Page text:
Generation Mining’s (TSX: GENM) has received approval from the government of Canada for its Marathon palladium-copper project’s environmental assessment, as part of a country-wide strategy that seeks to boost production of metals and minerals considered key for the energy transition towards renewables.
The proposed mine, located 10 km from Marathon, Ontario, is expected to produce an average of 245,000 ounces of palladium equivalent production annually over an estimated 13-year mine life.
Platinum group metals, which includes palladium, platinum and rhodium, are key materials used in n the manufacturing of catalytic converters, which remove harmful chemicals from car exhaust emissions.
Copper, the other metal to be produced at the mine, is a critical in the manufacturing of electric vehicles (EVs) and associated charging infrastructure. An EV battery requires 2.5 times more copper than a standard internal combustion engine vehicle.
Generation Mining said it would now proceed with obtaining any additional permits from federal offices, including Fisheries and Oceans as well as the department of Natural Resources.
“The minerals mined through this project, mainly palladium and copper, will play an important role in Canada’s transition to a low-carbon economy,” Environment and Climate Change Minister Steven Guilbeault said.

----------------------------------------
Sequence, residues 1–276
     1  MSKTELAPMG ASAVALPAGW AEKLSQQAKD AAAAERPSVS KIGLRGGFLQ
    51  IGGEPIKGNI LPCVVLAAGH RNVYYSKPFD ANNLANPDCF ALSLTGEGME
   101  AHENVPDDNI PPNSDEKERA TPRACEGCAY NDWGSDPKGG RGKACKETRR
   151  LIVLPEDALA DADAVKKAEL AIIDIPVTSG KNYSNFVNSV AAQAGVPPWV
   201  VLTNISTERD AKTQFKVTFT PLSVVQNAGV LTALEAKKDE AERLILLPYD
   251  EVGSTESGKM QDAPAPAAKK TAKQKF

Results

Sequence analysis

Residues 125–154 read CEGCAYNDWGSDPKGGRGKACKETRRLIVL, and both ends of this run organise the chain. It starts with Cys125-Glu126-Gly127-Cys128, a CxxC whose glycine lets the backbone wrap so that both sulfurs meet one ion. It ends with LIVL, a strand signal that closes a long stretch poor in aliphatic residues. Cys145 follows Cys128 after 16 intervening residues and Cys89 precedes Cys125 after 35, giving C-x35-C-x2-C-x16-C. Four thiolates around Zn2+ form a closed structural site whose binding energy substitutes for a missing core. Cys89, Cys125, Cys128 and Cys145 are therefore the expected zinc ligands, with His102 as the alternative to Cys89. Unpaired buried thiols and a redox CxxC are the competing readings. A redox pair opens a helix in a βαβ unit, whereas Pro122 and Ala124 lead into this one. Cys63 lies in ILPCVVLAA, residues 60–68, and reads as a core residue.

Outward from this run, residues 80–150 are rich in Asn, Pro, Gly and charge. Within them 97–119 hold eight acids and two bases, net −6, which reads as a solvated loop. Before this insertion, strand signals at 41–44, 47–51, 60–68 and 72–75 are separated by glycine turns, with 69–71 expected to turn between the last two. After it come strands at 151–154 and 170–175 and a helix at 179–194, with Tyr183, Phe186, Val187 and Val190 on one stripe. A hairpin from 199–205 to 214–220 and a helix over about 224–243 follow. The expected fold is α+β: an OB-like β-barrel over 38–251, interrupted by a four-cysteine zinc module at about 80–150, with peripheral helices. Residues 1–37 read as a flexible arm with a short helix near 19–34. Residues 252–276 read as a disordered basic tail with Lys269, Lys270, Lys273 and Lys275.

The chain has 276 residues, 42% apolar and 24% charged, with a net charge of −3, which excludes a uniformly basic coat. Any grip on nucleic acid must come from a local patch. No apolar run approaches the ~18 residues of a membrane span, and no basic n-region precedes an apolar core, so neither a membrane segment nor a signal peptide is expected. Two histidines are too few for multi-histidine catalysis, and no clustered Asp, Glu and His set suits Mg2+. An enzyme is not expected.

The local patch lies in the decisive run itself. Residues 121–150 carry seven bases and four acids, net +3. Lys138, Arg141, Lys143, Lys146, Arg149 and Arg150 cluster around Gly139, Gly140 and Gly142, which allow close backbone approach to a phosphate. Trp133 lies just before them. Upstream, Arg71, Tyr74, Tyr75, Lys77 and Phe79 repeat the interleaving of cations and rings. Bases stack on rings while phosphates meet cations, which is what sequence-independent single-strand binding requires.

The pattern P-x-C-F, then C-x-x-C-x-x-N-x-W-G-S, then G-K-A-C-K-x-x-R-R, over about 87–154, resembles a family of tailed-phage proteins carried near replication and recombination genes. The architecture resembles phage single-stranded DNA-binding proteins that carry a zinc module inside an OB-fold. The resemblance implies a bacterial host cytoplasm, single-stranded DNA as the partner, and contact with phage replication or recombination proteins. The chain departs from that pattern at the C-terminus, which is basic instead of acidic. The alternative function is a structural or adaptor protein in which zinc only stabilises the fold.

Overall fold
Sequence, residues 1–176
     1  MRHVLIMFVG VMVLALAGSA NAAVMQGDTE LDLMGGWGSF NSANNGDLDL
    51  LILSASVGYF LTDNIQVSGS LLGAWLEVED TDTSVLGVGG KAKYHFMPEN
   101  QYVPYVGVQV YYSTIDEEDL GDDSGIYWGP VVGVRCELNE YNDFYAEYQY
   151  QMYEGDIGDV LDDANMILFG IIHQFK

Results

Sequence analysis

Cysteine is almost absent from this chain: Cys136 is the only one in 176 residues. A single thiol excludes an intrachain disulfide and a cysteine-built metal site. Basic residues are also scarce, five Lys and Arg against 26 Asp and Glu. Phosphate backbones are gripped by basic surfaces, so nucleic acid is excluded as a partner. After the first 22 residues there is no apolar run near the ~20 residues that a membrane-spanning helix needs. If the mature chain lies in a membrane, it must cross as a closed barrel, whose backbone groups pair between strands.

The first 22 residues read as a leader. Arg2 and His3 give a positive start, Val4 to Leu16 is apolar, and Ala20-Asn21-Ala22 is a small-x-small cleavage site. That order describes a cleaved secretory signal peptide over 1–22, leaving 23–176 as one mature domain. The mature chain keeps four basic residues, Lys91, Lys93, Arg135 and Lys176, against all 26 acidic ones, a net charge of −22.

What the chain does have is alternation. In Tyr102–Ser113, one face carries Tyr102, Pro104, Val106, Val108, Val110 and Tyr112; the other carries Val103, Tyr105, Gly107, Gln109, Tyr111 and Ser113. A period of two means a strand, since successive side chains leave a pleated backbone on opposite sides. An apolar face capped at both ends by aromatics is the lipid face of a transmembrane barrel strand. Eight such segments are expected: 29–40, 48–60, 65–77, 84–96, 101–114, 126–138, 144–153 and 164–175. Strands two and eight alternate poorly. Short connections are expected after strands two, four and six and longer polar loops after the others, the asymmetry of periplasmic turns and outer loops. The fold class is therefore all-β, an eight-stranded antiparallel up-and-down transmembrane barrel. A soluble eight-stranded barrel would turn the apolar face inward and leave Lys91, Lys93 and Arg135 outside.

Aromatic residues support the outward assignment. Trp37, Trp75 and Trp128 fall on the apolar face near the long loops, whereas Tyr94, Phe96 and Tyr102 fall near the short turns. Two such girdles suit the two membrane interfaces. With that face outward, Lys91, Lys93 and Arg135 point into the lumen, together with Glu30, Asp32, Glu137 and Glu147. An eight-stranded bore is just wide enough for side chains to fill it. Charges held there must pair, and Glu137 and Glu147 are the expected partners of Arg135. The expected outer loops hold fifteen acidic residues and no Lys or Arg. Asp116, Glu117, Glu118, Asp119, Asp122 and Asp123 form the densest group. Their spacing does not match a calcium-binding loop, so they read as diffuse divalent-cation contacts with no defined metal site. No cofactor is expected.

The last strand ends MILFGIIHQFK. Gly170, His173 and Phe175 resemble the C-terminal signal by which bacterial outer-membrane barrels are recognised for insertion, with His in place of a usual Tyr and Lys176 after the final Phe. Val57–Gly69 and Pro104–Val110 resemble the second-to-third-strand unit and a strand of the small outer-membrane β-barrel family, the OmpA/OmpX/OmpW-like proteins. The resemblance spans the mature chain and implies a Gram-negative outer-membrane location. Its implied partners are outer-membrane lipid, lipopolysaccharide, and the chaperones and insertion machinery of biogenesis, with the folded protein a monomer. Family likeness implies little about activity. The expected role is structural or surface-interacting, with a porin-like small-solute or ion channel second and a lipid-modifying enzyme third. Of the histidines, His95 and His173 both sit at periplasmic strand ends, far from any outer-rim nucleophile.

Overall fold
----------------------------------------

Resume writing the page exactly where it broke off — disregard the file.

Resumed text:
It is also expected to help build the supply chain for critical minerals and the automotive manufacturing industry in Ontario, the province said in a separate statement.
Building the Marathon mine will require the construction, operation, decommissioning and remediation of three open pits. It would also need an on-site ore processing facility, a 115 kV transmission line, an access road and a water management system among other infrastructure.
The processing plant will operate at about 9.2 million tonnes a year of ore to produce about 87,000 tonnes of copper concentrate annually. The concentrate will be delivered to a third-party facility for further downstream processing into refined critical minerals.
Site construction is anticipated to take 18 to 24 months and will employ around 900 workers. The operating workforce is estimated at 375 people, Ontario’s Minister of Mines George Pirie said.
Based on current mineral reserves, Marathon is expected to deliver 1.91 million ounces of palladium, 467 million pounds of copper, 537,000 ounces of platinum, 151,000 ounces of gold and 2.82 million ounces of silver in payable metals.
Guilbeault, who is also responsible for the Impact Assessment Agency of Canada, noted that approving the Marathon project will also result in important benefits for members of Biigtigong Nishnaabeg First Nation.
Ontario’s mining industry generates more than C$11 billion in annual mineral production and supports 75,000 direct and indirect jobs.
The sector is the largest private employer of Indigenous peoples in Canada. In Ontario, First Nation workers made up 11% of the province’s direct mining jobs.